Wednesday, July 9, 2008

To Hell and Back: Conclusions

There are many things that we can learn from the tales of “Orpheus and Eurydice” and “Savitri and Satyavan”, things about ourselves, about our culture, ancient culture, death, and the role of women in society. In my last entry I asked readers to think about why it is that Orpheus fails where Savitri succeeds and what this has to say about a variety of issues, most of which were just mentioned in the previous sentence. This is a question that I have dwelled on for quite some time now. I find both of these myths utterly fascinating, especially because they are both so similar and yet so different. So in conclusion, here’s what I think…

In both “Orpheus and Eurydice” and “Savitri and Satyavan”, a spouse must descend into the underworld to retrieve the soul of their departed lover. Both make a deal with the god of the underworld. One fails, one succeeds. Why?

First off, both of these stories tell us a lot about the cultures that composed them. “Orpheus and Eurydice” tells us that the Greco-Roman point of view on death was very final. Once you died you were resigned to the underworld where you were expected to stay. In the land of the dead, the living were not welcomed, just as the dead were surely not welcomed in the land of the living. “Savitri and Satyavan” paints a similar picture for us except for the fact that we see that death is not always permanent; Savitri does manage to win back her husband’s soul and return him to life. This undoubtedly reflects the Hindu world of view in which the predominate form of afterlife belief is that of ‘reincarnation’ which hold that after death many of us will go on to living new lives, being reborn again and again.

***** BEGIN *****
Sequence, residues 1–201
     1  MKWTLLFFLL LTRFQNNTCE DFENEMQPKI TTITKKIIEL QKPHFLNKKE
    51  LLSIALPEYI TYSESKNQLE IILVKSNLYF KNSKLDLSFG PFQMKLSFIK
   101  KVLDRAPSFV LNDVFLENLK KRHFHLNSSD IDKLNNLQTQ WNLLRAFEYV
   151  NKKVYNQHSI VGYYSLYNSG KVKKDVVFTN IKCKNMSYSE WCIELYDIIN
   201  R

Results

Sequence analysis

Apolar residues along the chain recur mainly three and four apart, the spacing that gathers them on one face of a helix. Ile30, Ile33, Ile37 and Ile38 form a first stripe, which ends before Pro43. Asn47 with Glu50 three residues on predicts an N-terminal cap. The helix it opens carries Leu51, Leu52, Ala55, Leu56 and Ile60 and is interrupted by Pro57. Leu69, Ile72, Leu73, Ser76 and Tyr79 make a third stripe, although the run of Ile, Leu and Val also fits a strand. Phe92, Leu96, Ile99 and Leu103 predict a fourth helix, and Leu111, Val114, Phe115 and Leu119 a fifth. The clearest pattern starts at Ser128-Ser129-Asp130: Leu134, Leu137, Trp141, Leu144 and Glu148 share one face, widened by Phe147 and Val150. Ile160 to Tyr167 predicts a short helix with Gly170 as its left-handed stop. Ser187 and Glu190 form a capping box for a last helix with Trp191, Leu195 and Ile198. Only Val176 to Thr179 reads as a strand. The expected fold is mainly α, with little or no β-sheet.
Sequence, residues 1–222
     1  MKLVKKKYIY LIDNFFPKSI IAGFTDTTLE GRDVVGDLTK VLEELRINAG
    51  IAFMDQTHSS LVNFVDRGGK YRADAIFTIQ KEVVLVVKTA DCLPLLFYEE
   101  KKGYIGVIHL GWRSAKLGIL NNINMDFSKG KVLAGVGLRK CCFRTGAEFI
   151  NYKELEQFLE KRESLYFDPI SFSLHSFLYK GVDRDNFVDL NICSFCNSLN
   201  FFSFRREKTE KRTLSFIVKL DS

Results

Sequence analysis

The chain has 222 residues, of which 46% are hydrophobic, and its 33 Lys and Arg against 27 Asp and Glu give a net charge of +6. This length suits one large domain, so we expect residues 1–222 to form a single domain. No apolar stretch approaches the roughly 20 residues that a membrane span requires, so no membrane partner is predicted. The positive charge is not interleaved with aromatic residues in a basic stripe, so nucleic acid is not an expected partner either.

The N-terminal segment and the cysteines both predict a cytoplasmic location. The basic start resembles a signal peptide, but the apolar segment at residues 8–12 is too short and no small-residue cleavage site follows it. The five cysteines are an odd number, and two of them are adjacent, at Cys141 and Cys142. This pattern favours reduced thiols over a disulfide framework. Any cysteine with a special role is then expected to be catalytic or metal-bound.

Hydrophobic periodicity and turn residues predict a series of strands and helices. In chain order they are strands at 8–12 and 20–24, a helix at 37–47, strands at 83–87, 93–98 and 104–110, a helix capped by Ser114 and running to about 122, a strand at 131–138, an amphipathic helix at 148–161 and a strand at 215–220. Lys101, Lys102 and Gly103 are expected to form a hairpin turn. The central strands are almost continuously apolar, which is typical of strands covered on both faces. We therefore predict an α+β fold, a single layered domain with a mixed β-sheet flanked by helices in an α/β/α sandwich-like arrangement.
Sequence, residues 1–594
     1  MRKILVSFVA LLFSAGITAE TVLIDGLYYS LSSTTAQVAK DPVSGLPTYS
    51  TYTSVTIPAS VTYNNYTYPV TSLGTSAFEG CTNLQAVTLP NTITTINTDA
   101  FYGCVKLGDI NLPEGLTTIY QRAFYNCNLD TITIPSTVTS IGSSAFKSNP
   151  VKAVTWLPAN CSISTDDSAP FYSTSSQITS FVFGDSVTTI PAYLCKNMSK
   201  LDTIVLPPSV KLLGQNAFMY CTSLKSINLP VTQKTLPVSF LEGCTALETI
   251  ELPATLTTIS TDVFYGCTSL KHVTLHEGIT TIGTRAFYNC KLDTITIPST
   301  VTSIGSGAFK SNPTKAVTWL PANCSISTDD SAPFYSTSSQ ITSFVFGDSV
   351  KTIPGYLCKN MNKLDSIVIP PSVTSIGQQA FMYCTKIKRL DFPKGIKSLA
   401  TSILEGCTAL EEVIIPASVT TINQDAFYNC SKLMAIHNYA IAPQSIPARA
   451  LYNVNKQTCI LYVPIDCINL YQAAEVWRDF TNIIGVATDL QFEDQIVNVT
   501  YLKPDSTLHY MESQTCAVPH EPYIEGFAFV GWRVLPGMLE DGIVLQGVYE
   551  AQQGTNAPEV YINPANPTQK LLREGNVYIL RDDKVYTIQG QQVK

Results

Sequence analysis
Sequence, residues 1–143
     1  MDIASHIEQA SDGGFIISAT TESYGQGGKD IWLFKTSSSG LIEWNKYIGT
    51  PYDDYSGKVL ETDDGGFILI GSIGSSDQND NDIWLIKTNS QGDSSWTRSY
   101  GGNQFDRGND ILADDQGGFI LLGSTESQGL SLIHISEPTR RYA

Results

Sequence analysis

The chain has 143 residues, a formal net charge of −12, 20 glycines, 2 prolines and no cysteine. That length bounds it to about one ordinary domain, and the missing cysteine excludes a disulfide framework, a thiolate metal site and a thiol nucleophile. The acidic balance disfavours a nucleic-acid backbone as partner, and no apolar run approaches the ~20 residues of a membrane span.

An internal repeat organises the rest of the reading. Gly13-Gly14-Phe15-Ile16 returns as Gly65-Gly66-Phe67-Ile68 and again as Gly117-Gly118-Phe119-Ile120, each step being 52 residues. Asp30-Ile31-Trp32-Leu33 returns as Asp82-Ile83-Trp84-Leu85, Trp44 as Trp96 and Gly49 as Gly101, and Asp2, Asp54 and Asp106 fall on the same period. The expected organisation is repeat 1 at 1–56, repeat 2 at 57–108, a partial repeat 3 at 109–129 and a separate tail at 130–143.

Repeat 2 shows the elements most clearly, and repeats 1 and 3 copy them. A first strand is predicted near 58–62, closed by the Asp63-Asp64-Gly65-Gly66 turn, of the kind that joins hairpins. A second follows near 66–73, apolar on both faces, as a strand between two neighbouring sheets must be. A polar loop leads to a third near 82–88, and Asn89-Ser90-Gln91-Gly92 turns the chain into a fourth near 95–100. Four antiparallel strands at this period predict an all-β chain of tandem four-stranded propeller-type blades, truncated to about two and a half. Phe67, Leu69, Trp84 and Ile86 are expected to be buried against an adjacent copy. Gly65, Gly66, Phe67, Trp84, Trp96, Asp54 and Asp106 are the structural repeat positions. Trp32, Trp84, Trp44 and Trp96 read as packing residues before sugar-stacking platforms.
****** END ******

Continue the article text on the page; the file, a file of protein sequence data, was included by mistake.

Secondly, the deals which both Orpheus and Eurydice strike with their respective underworld gods are also interesting, especially because they serve as a prototype for later Christian legends concerning Faustian deals with the devil. In the myth of “Orpheus and Eurydice”, however, it is Hades who apparently wins the beat, as Orpheus fails to keep his eyes off of Eurydice until after the two have left the underworld. There are those who feel that Hades’ tricked Orpheus, however, I disagree, believing instead that Hades, if anything, was simply banking on the fact that Orpheus’ inherent human weakness would get the better of him. As for Savitri’s deal with Yama, I think it’s pretty clear that in this case Savitri did trick Yama into giving her Satyavan’s soul. The type of ‘loop-hole logic’ which Savitri employs here is also fairly common in both myths and fairy-tales, especially in Arabian mythology were it is often employed by djinn’s who want to get the better of their masters. Ultimately, what the story of “Savitri and Satyavan” is trying to tell us here, I believe, is that being quick witted is a virtue; for one who is fast on their feet may even be able to outwit the gods.